As Chicago personal injury lawyers with substantial experience handling trucking accident cases, we are familiar with the devastation caused by crashes involving tractor-trailer trucks. Yesterday was a brutal example of such devastation. A trucking accident in Kentucky claimed the lives of at least eleven people and injured many more. The accident, which happened just before 5:30 this morning, reportedly occurred when a tractor-trailer crossed over the interstate’s median and hit an eighteen-passenger church van carrying Mennonite passengers, including children. The truck then struck a rock wall and burst into flames. The casualties included the driver of the truck, as well as others. One of those killed was an infant, but two children, four and five years old, survived the crash without serious injury.
We do not yet know the extent or type of injury to the other passengers, but it is probably that they sustained traumatic brain injuries, among other internal injuries. Some studies have found that up to 28% of all traumatic brain injuries are caused by motor vehicle accidents. This month, our top Chicago brain injury lawyers have been exploring the types and causes of brain injury in connection with Brain Injury Awareness Month. For more information about our top-rated brain injury and wrongful death practice, feel free to read this month’s articles or contact us directly at (312) 527-4500.
Yesterday”s accident occurred on Kentucky’s section of Interstate 65, North of Bowling Green. The tractor-trailer truck involved was heading South, but struck the van after crossing over to the northbound freeway. The section of highway where the crash occurred is problematic, as the southbound traffic narrows from three lanes to two. Traffic at times becomes congested or forms a bottleneck at that point, and a county official speculated that the truck may not have seen the situation, or slowed down to address it. A deputy coroner also stated that the truck driver likely fell asleep at the wheel, leading to the accident.
While there is no definitive word yet on what caused the accident, there are a number of possibilities, unfortunately common in these types of accidents. As was suggested, and especially in light of the hour at which the accident occurred, the truck driver may have fallen asleep at the wheel. Many such accidents are caused by an overtired driver who has been behind the wheel for too many hours, in violation of Federal Motor Carrier Safety Administration (FMCSA) regulations (as a general rule, federal regulations do not allow more than eleven hours of consecutive driving, although there are other rules that also affect the number of hours an individual may drive). In yesterday’s crash, this is made more likely by the fact that the driver’s truck had reportedly been broken down in Michigan for three days, and was fixed before he departed on this trip. He may thus have been pushing the envelope to make up for lost time – a tactic that endangers drivers and others on the road.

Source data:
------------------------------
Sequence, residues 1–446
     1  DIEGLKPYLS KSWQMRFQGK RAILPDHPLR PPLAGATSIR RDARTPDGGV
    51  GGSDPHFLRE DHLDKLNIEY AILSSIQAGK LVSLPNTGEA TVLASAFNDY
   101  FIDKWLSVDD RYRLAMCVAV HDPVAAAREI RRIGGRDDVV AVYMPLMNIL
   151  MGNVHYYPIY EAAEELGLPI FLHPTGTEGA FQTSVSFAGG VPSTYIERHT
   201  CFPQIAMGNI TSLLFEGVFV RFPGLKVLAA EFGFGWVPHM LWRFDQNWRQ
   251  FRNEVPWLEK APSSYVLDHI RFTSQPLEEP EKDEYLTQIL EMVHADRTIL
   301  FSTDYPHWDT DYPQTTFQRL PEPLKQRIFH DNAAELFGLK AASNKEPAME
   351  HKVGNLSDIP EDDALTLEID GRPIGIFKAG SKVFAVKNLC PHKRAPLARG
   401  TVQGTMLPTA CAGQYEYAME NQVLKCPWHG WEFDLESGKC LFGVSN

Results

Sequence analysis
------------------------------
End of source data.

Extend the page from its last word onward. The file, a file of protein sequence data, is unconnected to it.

If this or any truck accident was the result of negligence, the innocent victims may have a cause of action against the truck driver, the trucking company employer and others. This is true as to both the survivors, who may have a cause of action for their injuries, and as to those who were killed, whose estates may have a cause of action for wrongful death. Our Chicago wrongful death lawyers, sadly, have seen many cases arising from such accidents.
Depending on the circumstances surrounding the crash, the victims may have a cause of action not only against the truck driver’s estate, but also against the trucking company that employed him. The trucking company can be held responsible for the negligent actions of its employees through respondeat superior, a legal concept often called the “master-servant rule,” through which employers are made liable for the actions of their employees. Additionally, if a trucking company had reason to know that a driver could be dangerous at the time they hired him, the company can be liable for its own negligence in the hiring process (or for continuing to employ the driver after warning signs emerged). If the truck driver was, indeed, in violation of FMCSA’s hours of service requirements, there is the potential for punitive damages, in addition to compensatory damages (medical expenses, wage loss, loss o normal life, pain and suffering, etc.). One other possible wrinkle in today’s crash is that the truck was repaired just before this trip. Often, negligently performed repairs or maintenance can lead to trucking accidents, and the victims in those cases may also have a cause of action against those who performed the repairs.
Exactly who is responsible to the victims is a question that can only be answered by a thorough investigation of the facts by a knowledgeable professional. Our Chicago truck accident lawyers understand the need to fully explore the circumstances surrounding a trucking accident, to ensure that victims receive full compensation for their injuries from those who caused them. We have decades of experience handling truck accident cases, and have obtained multi-million dollar verdicts and settlements on behalf of those injured.
To speak with an experienced Chicago truck accident attorney at Passen & Powell, call us at (312) 527-4500 for a Free Case Evaluation.